Submission ID 92765

Poster Code HR-P-75
Title of Abstract Embryonic ablation of Atrx in excitatory neurons results in memory deficits and autistic-like behaviours in adult mice
Abstract Submission Neurodevelopmental disorders affect 1 in 12 Canadians and pose large social and medical challenges. Overlapping features and often comorbidities in diagnosis occur in patients, suggesting an overlap in regions of the brain that have developed atypically. Previous reports show mutations in chromatin remodeling proteins are prevalent in patients of intellectual disability and autism. Furthermore, 70% of patients with autism also have intellectual disability. In this study, we examine the function of the gene alpha thalassemia mental retardation, X-linked (ATRX), a chromatin remodeling protein. Hypomorphic mutations in ATRX result in ATR-X-syndrome, a disorder characterized by severe intellectual disability and autistic features. Understanding the mechanistic role(s) ATRX plays in the brain is crucial to identify possible points of therapeutic intervention. I hypothesize that ATRX is required from early stages of excitatory neuron development to achieve typical learning and memory and prevent autistic-like behaviours. Mice lacking ATRX specifically in excitatory neurons from embryonic day 11.5 were generated to study effects of loss of ATRX in differentiated excitatory neurons early during brain development. Loss of ATRX in excitatory neurons embryonically resulted in a decrease in contextual fear memory, along with a prominent hyperactive and aggressive phenotype in adult mice. Mutant mice also exhibited repetitive behaviours (over-grooming) and a significant startle response suggesting acoustic hypersensitivity compared to control littermates. Magnetic resonance imaging (MRI) analysis revealed decreased relative brain volumes in the hippocampus, cerebellum and white matter regions, whereas regions of the cortex and thalamus had significant increased relative brain volumes. We conclude that neuronal ATRX plays a critical role during early brain development in excitatory neurons to prevent memory deficits and autistic features. MRI data suggests that loss of ATRX early in brain development results in atypical brain structure and possible disruption of the neuronal circuitry.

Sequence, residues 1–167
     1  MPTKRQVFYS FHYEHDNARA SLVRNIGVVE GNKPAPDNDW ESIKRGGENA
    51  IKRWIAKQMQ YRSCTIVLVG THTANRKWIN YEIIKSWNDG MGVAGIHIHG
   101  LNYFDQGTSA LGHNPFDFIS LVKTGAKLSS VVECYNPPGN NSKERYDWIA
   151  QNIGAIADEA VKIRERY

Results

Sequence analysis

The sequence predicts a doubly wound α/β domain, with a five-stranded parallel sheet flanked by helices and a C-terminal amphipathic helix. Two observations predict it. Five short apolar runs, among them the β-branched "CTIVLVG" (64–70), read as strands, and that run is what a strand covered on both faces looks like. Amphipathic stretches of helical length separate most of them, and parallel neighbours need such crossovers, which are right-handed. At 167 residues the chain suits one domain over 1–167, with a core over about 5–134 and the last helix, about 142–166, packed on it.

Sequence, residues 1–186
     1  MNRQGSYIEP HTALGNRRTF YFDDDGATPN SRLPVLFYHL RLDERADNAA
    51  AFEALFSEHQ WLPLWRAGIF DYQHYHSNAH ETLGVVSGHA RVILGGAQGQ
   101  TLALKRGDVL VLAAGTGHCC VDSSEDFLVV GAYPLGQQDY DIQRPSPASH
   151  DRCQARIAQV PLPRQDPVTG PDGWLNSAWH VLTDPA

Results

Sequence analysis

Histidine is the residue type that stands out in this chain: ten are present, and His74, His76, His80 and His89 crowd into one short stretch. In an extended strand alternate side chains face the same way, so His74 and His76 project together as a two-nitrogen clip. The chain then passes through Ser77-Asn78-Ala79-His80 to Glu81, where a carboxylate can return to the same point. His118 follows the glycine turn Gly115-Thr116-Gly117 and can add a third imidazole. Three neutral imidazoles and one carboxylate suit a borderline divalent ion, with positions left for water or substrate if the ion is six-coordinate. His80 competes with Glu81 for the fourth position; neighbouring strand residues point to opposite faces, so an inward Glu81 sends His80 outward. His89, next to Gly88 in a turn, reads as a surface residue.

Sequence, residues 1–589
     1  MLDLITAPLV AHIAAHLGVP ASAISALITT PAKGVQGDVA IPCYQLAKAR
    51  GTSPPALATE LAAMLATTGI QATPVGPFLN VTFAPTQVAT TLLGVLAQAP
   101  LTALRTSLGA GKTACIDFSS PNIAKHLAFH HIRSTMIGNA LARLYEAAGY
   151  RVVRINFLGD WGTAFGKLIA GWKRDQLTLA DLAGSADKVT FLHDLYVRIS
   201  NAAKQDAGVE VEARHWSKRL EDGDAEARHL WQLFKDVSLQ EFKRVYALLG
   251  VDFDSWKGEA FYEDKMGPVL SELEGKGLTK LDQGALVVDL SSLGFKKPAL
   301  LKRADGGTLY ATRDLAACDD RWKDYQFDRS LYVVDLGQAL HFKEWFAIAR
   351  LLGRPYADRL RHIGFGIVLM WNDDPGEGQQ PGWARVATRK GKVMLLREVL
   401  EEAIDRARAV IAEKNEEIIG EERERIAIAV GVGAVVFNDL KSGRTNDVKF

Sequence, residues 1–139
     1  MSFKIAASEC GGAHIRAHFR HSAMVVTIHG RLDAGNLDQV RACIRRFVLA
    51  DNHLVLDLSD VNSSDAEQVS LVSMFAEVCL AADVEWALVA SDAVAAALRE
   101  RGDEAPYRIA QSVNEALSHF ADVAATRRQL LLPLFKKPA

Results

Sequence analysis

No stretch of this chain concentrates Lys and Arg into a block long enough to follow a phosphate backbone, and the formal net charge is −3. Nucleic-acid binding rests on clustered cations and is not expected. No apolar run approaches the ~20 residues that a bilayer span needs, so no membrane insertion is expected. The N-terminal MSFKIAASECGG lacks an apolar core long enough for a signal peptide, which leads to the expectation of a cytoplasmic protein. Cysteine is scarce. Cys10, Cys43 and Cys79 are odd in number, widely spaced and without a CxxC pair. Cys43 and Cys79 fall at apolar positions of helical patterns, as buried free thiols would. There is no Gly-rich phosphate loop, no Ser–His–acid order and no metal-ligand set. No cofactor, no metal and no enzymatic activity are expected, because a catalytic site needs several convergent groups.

Please indicate who nominated you Anatomy and Cell Biology Graduate Committee- Western University
What Canadian Institutes of Health Research (CIHR) institute is your research most closely aligned? Neurosciences, Mental Health and Addiction
What Canadian Institutes of Health Research (CIHR) pillar of health research does your research fall under? Health systems services
PDF of abstract Abstract Quesnel Katherine.pdf
2023-01-31 at 18:28:19
Presenter and Author(s) Katherine Quesnel
Katherine Quesnel
Nicole Martin-Kenny
Jacob Ellegood
Jason Lerch
Nathalie Berube

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